Green curtain for Austria headquarters
Oslo-based Snohetta ASI Reisen Headquarters in Austria, which was to develop a new head office for an international trekking and adventure company that would reflect the company’s work culture and commitment to offering sustainable trekking experiences around the world.
Combined with solid wood elements, the four-story timber building with an open office concept enables a long-term low environmental footprint. As a result, the building optimizes material use, open-floor plans and sustainable energy concepts along with high-tech and low-tech solutions.
A ‘green curtain ‘of climbing plants grows on a suspended metal frame, covering the blackened wooden façade. Composed of 17 warm weather and evergreen species growing in planters, the curtain serves as a glare shield to shade the glass surfaces. On the western side, employees use the metal frame as a balcony. Approximately 118 climbing plants change the façade’s appearance throughout the year,
For the façade, preserved wood using a traditional Japanese method known as ‘yakisugi’ was used. Slightly-charred and carbonized, the façade remains waterproof and durable without painting and protects against insects. The basement and building are made of reinforced concrete, while wood was used for the mullion-transom-façade, windows, floors and acoustic panels. Rooftop rainwater run-off is collected in an underground cistern, feeding the automatic irrigation system for the façade and garden. With 1,215 new plants in the open space consisting of 73 local species, the green façade contributes to local diversity. also adapting to its seasonal thermal insulation needs and reducing artificial cooling.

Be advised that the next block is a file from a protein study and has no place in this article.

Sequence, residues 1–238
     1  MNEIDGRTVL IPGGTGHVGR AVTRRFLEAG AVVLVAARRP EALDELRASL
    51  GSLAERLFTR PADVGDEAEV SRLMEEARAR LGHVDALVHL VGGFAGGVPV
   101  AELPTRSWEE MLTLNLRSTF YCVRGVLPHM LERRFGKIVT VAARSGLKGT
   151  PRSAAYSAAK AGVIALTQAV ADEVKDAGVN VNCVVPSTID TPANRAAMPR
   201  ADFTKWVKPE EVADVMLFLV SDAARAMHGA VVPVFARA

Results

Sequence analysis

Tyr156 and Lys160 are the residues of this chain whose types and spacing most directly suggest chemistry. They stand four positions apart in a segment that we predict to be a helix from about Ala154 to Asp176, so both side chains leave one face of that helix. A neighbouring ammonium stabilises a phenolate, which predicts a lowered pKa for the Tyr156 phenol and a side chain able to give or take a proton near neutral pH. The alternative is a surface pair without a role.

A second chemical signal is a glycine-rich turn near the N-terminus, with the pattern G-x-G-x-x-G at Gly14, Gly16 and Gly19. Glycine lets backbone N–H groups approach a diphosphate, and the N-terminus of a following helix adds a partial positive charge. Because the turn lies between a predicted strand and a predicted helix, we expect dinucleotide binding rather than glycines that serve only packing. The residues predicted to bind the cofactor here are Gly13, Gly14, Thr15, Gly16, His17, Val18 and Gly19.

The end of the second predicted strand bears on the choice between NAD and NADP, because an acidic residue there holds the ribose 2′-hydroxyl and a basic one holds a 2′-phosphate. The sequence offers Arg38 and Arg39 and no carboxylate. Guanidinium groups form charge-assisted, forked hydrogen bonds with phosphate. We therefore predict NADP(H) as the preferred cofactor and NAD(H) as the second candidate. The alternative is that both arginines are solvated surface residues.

The open-plan layout designed for 65 employees, can be adapted to future requirements. Gallery spaces create a large and flexible office, with a variety of individual workstations and collaborative zones. Glass surfaces offer panoramic views, while a large staircase and a double-height foyer (nicknamed the Base Camp) welcomes visitors. Employee comfort was prioritized through designing communal spaces, meeting rooms, relaxation rooms, changing rooms and showers and a cafeteria. Shelves with plants offer visual relief, create storage spaces and informal work zones. A bridge connects the new building with an existing structure that contains meeting and relaxation rooms.
An optimized energy concept was tested and adapted using a thermal-dynamic building simulation. A reversible air water heat pump system of 40 kW offers heat and coolness via underfloor services. Sensors measuring room temperature, humidity, carbon oxide, and wind control the natural ventilation using thermal lift and wind pressure conditions to circulate fresh air throughout the building. The constantly monitored room climate regulates how wide and how long the ventilation flaps are open. The roof is covered with PV panels, and the electricity generated partly covers the power consumption of the building.